US 7192284 B2
An interactive education system is described for teaching patient care to a user. In one example, the system includes a model of a human body, including lungs, a passage in fluid communication with the lungs, and a breathing valve for controlling the flow of fluid through the passage. The system also includes a pneumatic module for delivering pressurized fluid to the fluid passage. A processor may be used to control the breathing valve. A memory is accessible to the processor for storing instructions for execution by the processor, including instructions for manipulating the breathing valve to regulate the flow of pressurized fluid from the pneumatic module to the lungs. The processor may also produce various physiological indicators, including waveforms, a pulse, etc. The indicators may be prerecorded or dynamically generated. An external device may be used to wirelessly control the processor.
1. A simulator system for teaching patient care to a user, the system comprising:
a model of at least a portion of a human body, wherein the model comprises first and second lungs, a first fluid passage in fluid communication with the lungs, and a breathing valve, wherein the breathing valve is adapted to control the flow of fluid through the first fluid passage;
a pneumatic module in fluid communication with first fluid passage and adapted for delivering pressurized fluid to the first fluid passage;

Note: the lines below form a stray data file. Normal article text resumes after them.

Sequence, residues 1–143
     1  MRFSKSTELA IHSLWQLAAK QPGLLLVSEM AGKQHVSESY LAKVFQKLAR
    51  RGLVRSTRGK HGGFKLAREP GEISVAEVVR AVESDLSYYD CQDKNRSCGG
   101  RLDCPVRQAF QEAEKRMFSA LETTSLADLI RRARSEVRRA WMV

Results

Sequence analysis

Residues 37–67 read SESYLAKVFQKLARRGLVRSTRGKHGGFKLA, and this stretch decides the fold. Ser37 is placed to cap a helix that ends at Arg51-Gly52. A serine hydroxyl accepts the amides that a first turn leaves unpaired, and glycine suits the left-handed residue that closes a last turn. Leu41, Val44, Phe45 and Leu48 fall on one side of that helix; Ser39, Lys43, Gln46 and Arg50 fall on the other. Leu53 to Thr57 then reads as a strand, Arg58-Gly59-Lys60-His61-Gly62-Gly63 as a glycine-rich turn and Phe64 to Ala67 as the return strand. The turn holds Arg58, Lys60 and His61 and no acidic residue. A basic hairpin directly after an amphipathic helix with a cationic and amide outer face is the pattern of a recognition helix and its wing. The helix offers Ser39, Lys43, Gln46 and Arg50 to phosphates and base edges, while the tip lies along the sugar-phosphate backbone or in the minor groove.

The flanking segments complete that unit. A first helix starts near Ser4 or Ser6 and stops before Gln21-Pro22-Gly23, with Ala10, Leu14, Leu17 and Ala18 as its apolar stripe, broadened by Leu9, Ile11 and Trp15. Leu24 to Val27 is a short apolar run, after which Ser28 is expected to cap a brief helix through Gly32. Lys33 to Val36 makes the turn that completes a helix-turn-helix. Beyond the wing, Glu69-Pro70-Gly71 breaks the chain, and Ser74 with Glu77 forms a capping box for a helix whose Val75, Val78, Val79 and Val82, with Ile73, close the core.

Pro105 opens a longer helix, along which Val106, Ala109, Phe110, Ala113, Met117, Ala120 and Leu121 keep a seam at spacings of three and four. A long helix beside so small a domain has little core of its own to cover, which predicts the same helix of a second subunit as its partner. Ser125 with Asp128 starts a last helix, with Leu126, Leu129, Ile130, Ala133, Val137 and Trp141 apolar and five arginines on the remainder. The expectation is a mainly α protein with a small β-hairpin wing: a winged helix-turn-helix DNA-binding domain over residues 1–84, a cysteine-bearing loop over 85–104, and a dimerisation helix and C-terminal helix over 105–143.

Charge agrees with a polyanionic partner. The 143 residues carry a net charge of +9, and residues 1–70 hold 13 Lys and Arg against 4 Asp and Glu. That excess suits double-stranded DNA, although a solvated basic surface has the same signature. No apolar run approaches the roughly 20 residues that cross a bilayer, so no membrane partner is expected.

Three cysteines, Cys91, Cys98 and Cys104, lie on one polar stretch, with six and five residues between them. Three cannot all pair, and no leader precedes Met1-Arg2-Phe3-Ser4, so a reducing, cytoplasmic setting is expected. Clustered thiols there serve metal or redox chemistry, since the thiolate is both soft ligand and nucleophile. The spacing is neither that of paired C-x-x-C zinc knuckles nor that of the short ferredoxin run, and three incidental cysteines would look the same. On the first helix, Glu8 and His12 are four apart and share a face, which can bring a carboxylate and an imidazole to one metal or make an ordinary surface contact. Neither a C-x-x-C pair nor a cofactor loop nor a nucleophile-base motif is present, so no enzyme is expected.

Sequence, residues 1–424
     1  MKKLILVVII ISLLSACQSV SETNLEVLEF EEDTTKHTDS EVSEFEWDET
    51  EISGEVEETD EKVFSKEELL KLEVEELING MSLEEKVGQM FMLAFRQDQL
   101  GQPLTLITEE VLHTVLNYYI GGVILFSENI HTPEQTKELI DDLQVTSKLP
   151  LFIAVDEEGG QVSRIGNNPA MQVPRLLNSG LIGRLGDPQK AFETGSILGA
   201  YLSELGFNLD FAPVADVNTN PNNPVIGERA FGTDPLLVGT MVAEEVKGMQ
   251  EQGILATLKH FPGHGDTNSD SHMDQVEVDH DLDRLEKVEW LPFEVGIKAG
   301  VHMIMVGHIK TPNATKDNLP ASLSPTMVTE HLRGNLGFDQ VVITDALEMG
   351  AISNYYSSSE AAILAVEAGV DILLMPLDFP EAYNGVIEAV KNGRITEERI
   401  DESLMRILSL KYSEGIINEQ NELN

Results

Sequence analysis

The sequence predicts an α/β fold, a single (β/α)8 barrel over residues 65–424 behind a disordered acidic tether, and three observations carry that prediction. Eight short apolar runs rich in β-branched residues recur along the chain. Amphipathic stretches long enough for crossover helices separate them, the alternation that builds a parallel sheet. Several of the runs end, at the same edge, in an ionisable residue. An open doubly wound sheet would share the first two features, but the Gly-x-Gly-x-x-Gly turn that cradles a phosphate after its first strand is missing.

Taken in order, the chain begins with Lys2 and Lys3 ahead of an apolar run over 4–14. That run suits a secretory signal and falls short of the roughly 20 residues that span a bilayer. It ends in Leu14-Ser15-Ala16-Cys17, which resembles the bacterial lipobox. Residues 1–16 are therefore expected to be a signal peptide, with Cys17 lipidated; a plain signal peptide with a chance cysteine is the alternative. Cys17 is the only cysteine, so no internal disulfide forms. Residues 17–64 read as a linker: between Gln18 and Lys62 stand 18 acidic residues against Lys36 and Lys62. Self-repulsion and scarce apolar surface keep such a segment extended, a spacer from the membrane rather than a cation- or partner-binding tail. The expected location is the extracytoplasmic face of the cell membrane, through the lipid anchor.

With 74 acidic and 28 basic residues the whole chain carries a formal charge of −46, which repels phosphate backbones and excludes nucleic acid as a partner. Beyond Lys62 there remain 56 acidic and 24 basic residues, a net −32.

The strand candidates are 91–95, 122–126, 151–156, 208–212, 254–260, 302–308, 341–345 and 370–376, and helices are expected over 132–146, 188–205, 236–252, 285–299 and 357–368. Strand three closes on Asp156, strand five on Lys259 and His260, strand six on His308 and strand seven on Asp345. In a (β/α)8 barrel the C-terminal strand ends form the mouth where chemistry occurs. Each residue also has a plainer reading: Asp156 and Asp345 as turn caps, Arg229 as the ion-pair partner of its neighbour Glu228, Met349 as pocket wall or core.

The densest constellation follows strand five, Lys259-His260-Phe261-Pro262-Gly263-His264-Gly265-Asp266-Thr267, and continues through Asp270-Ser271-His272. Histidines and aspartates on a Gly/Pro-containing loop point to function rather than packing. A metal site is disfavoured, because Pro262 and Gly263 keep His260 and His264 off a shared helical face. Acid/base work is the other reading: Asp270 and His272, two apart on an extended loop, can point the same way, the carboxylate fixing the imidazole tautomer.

a processor accessible to the breathing valve; and
a memory accessible to the processor for storing a plurality of instructions for execution by the processor, the instructions including instructions for manipulating the breathing valve to regulate the flow of pressurized fluid from the pneumatic module through the first fluid passage to the first and second lungs.
2. The simulator system of
3. The simulator system of
4. The simulator system of
5. The simulator system of
a first fluid reservoir;
a second fluid passage in fluid communication with the first fluid reservoir and the pneumatic module; and
a fluid reservoir valve positioned in the second fluid passage between the first fluid reservoir and the pneumatic module, wherein the fluid reservoir valve is adapted to inflate the first fluid reservoir by controlling the flow of fluid through the second fluid passage to the first fluid reservoir.
6. The simulator system of
7. The simulator system of
8. The simulator system of
9. The simulator system of
10. The simulator system of
11. The simulator system of
12. The simulator system of
13. The simulator system of
14. The simulator system of
15. The simulator system of
16. The simulator system of
17. The simulator system of
18. The simulator system of
19. The simulator system of
20. The simulator system of
21. The simulator system of
22. The simulator system of
23. The simulator system of
24. The simulator system of